The Year to date in Employment Law

Year to date employment law developments

Listed below are a number of changes to employment law that have taken place or are scheduled to be implemented in the coming months.

• Holiday pay – regulations came into force placing a two year limit on claims for unfair deduction from wages claims in respect of holiday pay – applies to claims presented on or after 1 July 2015. The regulations also implicitly state that the right to paid holiday is not incorporated as a term in employment contracts.
• Employment agencies and employment businesses in Great Britain are banned from advertising jobs exclusively in other European Economic Area countries without advertising them at home – from 5 January.

• Section 56 of the Data Protection Act (DPA) was implemented on 10 March, following its delay from December 2014. It is now an offence for an employer to require an employee or job applicant to use their DPA subject access rights to produce a copy of their criminal record.

• The new shared parental leave scheme is now in place for parents whose babies were due on or after 5 April 2015, or who had children placed for adoption on or after that date. The shared parental leave rate from 5 April is £139.58, in line with other maternity, paternity and adoption.
• Adoption rights – the 26 week qualifying period for adoption leave was removed and statutory adoption pay was brought in to line with statutory maternity pay; adopters can take paid time off for some ‘adoption appointments’ – from 5 April.
• The right to take parental leave was extended to parents of any child under the age of 18 – from 5 April.
• The Pension Schemes Act 2015 enables people with a defined contribution pension to access their pension more flexibly – from 5 April.
• The basic rates of maternity allowance and statutory maternity pay (SMP), statutory paternity pay (SPP) and statutory adoption pay (SAP) all increased from £138.18 to £139.58 – from 6 April.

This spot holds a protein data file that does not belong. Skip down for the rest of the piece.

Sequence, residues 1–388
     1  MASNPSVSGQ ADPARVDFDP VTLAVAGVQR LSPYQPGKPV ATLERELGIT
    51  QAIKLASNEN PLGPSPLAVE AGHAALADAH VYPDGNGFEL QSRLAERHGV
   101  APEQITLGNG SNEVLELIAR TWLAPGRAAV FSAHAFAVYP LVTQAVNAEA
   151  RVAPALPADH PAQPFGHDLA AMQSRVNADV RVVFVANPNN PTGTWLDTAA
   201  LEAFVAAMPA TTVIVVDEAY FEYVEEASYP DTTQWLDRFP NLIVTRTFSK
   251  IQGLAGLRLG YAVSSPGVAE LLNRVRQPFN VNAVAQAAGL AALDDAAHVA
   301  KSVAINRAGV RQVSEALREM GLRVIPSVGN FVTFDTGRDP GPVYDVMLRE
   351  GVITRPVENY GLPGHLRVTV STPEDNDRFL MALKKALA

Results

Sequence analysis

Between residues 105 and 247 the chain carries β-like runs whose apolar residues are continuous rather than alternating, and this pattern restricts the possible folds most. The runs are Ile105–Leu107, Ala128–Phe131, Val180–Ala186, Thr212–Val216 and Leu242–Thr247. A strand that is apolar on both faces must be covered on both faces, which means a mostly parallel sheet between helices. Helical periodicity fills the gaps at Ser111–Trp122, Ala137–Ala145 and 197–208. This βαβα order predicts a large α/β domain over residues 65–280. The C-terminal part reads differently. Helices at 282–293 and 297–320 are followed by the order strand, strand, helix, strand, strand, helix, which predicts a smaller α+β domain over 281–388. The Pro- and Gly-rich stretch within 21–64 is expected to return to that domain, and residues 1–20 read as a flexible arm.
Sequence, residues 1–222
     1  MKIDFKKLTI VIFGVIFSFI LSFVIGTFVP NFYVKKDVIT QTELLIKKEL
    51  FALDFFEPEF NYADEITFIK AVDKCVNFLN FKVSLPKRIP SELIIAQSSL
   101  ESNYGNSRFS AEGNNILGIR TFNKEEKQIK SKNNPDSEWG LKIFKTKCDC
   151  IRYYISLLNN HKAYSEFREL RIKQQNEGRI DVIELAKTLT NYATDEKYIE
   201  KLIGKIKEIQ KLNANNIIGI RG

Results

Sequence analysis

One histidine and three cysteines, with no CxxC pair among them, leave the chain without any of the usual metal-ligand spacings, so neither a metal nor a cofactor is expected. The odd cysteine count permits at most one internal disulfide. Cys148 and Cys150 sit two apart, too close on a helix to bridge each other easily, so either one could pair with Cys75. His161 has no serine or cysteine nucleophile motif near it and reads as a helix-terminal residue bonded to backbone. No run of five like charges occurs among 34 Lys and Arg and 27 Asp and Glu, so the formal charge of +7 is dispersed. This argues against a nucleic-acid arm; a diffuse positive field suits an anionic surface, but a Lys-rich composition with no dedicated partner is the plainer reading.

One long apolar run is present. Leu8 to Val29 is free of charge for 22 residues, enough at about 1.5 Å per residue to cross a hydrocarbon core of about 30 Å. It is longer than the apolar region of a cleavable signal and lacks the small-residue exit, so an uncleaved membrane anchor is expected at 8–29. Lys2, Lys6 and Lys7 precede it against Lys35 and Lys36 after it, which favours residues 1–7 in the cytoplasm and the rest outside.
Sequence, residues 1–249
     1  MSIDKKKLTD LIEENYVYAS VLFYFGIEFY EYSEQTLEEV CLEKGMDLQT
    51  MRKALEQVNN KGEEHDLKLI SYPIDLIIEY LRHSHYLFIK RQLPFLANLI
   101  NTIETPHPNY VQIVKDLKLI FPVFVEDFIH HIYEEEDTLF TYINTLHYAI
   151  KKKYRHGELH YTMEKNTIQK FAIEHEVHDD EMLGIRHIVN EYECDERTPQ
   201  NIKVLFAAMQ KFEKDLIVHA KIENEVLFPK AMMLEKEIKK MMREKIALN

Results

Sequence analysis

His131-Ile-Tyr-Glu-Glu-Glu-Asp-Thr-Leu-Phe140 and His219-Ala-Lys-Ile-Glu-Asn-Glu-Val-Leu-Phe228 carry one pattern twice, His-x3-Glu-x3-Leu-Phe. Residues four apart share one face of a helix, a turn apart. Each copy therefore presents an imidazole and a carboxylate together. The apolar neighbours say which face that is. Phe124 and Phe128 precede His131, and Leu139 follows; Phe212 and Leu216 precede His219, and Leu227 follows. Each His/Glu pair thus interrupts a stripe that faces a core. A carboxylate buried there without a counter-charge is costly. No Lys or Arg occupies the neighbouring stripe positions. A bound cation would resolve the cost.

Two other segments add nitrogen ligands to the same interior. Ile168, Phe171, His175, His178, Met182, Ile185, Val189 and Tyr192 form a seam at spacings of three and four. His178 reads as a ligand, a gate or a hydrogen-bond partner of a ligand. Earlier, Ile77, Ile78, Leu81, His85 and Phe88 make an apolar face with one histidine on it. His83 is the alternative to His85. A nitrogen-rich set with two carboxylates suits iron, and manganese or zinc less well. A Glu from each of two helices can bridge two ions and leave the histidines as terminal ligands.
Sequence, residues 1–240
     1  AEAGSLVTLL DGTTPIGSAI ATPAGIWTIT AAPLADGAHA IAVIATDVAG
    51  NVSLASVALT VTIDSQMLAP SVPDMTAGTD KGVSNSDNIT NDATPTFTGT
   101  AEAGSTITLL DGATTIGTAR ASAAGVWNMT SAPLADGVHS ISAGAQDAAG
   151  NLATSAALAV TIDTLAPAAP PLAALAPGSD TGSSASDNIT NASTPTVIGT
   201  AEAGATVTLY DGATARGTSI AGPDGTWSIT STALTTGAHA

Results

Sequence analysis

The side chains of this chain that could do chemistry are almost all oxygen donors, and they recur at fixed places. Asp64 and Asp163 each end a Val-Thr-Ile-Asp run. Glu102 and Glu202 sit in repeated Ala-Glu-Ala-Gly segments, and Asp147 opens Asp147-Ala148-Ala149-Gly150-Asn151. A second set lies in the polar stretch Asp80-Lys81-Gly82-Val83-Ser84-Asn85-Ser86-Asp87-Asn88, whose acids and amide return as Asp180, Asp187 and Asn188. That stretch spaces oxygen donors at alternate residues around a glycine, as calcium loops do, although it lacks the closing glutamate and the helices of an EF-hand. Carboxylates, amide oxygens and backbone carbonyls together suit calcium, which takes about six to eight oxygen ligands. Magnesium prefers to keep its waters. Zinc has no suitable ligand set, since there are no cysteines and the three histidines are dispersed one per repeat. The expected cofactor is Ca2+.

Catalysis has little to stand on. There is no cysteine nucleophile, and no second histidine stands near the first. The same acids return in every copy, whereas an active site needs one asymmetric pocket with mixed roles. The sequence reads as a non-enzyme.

• The rate of statutory sick pay (SPP) increased from £87.55 to £88.45 – from 6 April.
• Increased limits on employment tribunal awards came into force on 6 April:
o the maximum compensatory award rose from £76,574 to £78,335
o the limit on a ‘week’s pay’ rose from £464 to £475.

• National Minimum Wage – Regulations to consolidate the legislation came into force on 6 April.

• A ban on exclusivity clauses in zero-hours contracts came into force on 26 May.
• A new regime for English apprenticeships came into force on 26 May.
• A maximum £20,000 penalty for underpaying the national minimum wage, on a per worker basis rather than per notice, came into force on 26 May.

• Following the decision in the Bear Scotland case, a two-year limitation came into effect preventing large back-dated claims for holiday pay arrears – from 1 July.

• National Minimum Wage rates – will increase from 1 October: the standard adult rate to £6.70, the development rate for those aged 18-20 to £5.30, the young workers rate for those aged 16-17 to £3.87, and the apprentice rate to £3.30.
• Changes to the Equality Act 2010 to remove the power of employment tribunals to issue wider recommendations in successful discrimination cases – will come into force from 1 October.
Employment-related Acts and Bills

The new Government has announced there will be Bills on the following employment-related topics introduced in the new Parliamentary session: immigration, trade unions, further welfare reforms and moves to achieve full employment.
• The Trade Union Bill was introduced to Parliament on 15 July 2015. It will reform strike laws in Great Britain.
• The Small Business, Enterprise and Employment Bill became an Act on 26 March 2015. It contains provisions to improve gender pay gap reporting under the Equality Act 2010, introduce annual reporting on whistleblowing disclosures, limit employment tribunal postponements and penalise employers who do not pay an employment tribunal award – these provisions have yet to come into force. Provisions to prevent use of exclusivity clauses in zero hours contracts and setting a maximum penalty for underpaying the national minimum wage on a per worker basis rather than per notice came into force in late May 2015.

Need advice?

If you would like to discuss how any of these topics may impact your business, please call Gillian or Sam on 01892 853084.

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